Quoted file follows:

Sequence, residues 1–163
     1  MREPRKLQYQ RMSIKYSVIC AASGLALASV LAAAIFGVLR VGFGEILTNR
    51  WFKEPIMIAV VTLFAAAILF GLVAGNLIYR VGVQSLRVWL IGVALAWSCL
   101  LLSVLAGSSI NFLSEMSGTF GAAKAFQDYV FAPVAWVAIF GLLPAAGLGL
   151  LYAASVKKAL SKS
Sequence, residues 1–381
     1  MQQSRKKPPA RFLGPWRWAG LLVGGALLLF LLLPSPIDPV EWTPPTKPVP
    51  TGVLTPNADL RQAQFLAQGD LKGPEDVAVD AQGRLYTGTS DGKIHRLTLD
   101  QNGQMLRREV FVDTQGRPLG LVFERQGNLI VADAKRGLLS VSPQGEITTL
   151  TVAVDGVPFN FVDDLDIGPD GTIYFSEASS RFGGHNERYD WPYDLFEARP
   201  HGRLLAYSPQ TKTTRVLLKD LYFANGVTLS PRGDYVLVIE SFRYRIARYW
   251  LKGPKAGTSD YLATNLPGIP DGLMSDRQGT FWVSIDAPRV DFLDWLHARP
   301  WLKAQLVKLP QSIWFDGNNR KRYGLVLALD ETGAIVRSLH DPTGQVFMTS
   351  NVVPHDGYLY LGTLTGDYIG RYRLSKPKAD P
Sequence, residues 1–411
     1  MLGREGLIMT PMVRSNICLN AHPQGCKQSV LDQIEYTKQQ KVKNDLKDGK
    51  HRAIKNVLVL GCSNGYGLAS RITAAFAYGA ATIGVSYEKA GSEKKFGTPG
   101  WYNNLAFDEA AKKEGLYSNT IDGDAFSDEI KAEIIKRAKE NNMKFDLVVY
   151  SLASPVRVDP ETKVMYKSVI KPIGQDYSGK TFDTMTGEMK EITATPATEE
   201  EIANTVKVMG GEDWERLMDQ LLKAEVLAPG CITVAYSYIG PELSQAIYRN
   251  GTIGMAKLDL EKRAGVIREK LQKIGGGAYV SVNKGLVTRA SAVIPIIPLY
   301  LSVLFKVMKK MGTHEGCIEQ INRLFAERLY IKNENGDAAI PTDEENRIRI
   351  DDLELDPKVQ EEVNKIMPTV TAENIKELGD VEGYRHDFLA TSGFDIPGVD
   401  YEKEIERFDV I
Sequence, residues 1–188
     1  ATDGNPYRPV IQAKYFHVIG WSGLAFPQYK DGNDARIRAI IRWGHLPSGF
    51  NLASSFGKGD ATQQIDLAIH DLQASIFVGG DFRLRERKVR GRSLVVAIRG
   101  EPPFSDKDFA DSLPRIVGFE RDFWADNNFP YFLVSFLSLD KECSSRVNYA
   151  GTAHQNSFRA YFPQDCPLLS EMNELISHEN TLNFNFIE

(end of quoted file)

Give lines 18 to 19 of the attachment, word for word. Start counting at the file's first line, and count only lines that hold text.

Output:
   101  WYNNLAFDEA AKKEGLYSNT IDGDAFSDEI KAEIIKRAKE NNMKFDLVVY
   151  SLASPVRVDP ETKVMYKSVI KPIGQDYSGK TFDTMTGEMK EITATPATEE